NOTE: This episode aired last week, though our regular television reviewer was indisposed at the time of airing
NOTE 2: Full spoilers for this episode of Parks and Recreation are present in this review
After hitting such an amazing high point with the previous episode, “The Johnny Karate Super Awesome Musical Explosion Show”, it seemed inevitable that the following episode, the penultimate episode of Parks and Recreation, was bound not to recapture that same level of excellence. Naturally, “Two Funerals” was at a disadvantage at the start, since it was saddled with trying to wrap up absolutely everything that wouldn’t be addressed in the series finale that would come the following week.
Of course, the episode did begin with a hysterical bombshell at the very least, with the mayor of Pawnee, Walter Gunderson passing away. Gunderson is a character that has never actually been seen, and merely talked about every now and again, so it was downright hilarious to see him being portrayed by Bill Murray in a last will and testament video! This meant that “Two Funerals” used up its best joke in the opening minutes, but that’s not to say that the rest of the episode wasn’t funny.
The loss of the mayor spurs two key conflicts; Another reminder that Pawnee is changing forever, and the question of who will be mayor. Since several characters are leaving Pawnee, various guest stars are interviewed for the position, which basically allows for an onslaught of cameos. Joan Callamezzo, Dr. Saperstein, and even Bobby Newport (hooray, Paul Rudd!) are interviewed for the position, and all of them turn it down, with very funny results.
It seems like a new acting mayor will never be appointed in the end, until the group settles on… Garry! You’d think that there would be moaning and complaining, but for the most part, the show actually plays Garry’s inauguration as mayor pretty straight. He takes up the position, and all is well. When you think about it, it’s the ending that the guy really deserves, He’s the most qualified, and no doubt the least corrupt of any other contenders, which helps make all of the abuse that he took throughout the show feel worth it, since it all led to somewhere great for him.
The other “funeral” referenced by the episode is Ron’s barber, which sends Ron for a loop, and leaves him struggling in his own way to adjust to a life of change. After some very funny insight into Ron’s tipping habits, Donna remedies the situation by helping Ron find a new hairdresser in Typhoon, with the same price plan. After hearing about Typoon’s hatred of bicycles and Europeans, he decides that he likes his new situation, and settles in. It was another cool meta moment by the showrunners, continuing to help alleviate fan anxiety over the show ending. Ron is after all the most rigid, unchanging character on the series, so if he can find happiness in a new situation, surely the fans can as well.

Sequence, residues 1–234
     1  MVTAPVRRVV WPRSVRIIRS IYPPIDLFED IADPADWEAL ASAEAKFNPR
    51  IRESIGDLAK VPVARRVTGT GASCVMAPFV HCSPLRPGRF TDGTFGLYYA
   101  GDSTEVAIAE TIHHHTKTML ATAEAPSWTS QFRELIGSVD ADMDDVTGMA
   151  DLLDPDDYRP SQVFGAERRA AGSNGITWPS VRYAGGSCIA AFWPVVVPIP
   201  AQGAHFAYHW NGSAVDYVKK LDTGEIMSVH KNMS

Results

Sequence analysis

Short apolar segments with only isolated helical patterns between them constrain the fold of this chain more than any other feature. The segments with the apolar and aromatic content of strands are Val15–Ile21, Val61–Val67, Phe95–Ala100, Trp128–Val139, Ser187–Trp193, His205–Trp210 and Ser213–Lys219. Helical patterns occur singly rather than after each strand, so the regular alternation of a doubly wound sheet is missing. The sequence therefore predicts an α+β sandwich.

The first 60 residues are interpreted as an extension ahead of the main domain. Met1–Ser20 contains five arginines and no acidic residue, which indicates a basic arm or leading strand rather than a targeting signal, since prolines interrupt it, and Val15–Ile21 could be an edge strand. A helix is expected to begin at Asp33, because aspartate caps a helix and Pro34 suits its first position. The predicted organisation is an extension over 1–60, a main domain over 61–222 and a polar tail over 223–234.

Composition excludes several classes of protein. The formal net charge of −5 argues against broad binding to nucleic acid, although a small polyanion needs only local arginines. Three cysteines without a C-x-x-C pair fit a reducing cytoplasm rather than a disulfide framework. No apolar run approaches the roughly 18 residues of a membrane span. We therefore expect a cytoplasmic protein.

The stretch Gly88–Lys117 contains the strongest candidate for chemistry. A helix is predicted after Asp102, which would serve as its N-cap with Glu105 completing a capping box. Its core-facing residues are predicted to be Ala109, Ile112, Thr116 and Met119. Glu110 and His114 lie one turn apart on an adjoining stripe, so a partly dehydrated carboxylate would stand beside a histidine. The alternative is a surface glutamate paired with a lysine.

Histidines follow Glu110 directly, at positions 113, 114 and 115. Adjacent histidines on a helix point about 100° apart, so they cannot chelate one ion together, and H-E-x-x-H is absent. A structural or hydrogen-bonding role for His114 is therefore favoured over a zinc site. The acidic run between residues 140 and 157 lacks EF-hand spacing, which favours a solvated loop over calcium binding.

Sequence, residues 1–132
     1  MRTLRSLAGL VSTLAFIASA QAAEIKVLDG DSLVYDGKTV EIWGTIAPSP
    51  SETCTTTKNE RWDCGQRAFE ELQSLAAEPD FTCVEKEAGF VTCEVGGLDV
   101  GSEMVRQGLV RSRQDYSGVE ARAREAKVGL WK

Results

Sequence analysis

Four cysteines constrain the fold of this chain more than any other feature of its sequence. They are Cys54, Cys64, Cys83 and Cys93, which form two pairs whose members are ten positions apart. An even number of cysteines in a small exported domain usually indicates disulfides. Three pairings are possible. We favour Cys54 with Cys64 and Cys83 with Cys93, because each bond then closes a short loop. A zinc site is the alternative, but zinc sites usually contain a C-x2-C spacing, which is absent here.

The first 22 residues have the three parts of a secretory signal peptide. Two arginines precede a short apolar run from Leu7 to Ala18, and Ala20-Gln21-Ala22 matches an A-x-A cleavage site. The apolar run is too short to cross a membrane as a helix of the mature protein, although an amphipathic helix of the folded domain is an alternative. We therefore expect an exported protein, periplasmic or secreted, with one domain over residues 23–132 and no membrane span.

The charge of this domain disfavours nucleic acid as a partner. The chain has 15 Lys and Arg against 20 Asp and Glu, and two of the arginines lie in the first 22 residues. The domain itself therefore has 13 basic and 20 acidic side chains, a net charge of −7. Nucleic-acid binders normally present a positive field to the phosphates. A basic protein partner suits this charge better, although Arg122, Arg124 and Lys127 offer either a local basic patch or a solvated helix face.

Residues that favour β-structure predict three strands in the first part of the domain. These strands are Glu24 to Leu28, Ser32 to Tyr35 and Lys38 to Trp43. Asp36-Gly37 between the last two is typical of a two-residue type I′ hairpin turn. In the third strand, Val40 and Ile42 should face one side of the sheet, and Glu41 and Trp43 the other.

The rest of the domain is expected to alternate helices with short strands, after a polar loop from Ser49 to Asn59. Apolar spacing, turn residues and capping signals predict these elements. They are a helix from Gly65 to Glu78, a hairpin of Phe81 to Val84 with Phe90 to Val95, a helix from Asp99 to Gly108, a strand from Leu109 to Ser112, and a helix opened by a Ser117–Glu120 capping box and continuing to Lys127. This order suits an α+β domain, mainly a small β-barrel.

The remaining subplot involves Tom, who has been strangely absent over the past couple of episodes. Tom is preparing to propose to Lucy, and Leslie motivates him to put together a thoroughly ridiculous proposal video with tons of swagger. Tom initially puts together a ludicrous fight sequence at the jewelry store, complete with stunt double (the store knew the risks, dammit!), but when Lucy returns from a trip, he backs down on the plan.
Fortunately, this wasn’t some cheap, last-ditch effort to have Tom chicken out, as he instead comes to realize that Lucy’s proposal should be how she wants it to be. Thus, Tom puts together something more mature and traditonal, providing a beautiful indication of how much he’s grown up since the series started. The show didn’t place Tom on a hunt for love as aggressively as it initially seemed to, seeming to settle for Lucy simply because she was the best option, but that’s fair enough. At least Tom found happiness as much as everyone else in the end.
“Two Funerals” sometimes felt like it had a rather hurried pacing, but it still continued to provide more satisfying closure for the many personalities we’ve come to love in Pawnee. The showrunners have helped ease fans into the finale with great love and care, and “Two Funerals” presented a last traditional romp through Pawnee’s zaniness before the series finale. There’s no topping that Bill Murray gag though!
Parks and Recreation's penultimate episode sometimes felt like it was trying to rush a bunch of resolution arcs into a half-hour space, but still carried with it more satisfying closure for Pawnee's supporting denizens.